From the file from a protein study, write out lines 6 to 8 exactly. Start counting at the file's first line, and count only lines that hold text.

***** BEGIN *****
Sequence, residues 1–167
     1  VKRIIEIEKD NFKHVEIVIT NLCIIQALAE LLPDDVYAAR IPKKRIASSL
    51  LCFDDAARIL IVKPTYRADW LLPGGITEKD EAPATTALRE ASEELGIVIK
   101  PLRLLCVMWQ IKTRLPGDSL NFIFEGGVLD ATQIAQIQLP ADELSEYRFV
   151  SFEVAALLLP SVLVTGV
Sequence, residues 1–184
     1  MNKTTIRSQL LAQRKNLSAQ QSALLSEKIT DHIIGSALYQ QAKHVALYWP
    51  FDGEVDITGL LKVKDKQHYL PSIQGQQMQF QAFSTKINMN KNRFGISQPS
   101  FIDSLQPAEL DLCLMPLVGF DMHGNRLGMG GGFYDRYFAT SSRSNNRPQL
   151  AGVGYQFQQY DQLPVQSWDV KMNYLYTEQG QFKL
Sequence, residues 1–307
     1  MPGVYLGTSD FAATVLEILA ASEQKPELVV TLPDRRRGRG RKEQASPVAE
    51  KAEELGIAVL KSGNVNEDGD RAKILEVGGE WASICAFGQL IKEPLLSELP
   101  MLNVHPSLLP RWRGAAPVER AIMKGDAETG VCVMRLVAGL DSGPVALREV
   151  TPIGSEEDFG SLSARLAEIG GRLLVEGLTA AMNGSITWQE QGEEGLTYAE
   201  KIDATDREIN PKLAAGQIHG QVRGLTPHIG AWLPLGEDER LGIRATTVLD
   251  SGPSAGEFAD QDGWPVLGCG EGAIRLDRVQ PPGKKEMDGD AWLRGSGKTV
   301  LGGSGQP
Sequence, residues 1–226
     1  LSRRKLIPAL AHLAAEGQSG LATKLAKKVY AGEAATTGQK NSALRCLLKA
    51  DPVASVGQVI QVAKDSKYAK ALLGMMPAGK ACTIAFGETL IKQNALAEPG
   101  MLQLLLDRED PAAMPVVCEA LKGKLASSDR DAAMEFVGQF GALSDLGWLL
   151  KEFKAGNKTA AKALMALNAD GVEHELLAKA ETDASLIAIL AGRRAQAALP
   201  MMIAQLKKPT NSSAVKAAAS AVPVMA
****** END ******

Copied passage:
Sequence, residues 1–184
     1  MNKTTIRSQL LAQRKNLSAQ QSALLSEKIT DHIIGSALYQ QAKHVALYWP
    51  FDGEVDITGL LKVKDKQHYL PSIQGQQMQF QAFSTKINMN KNRFGISQPS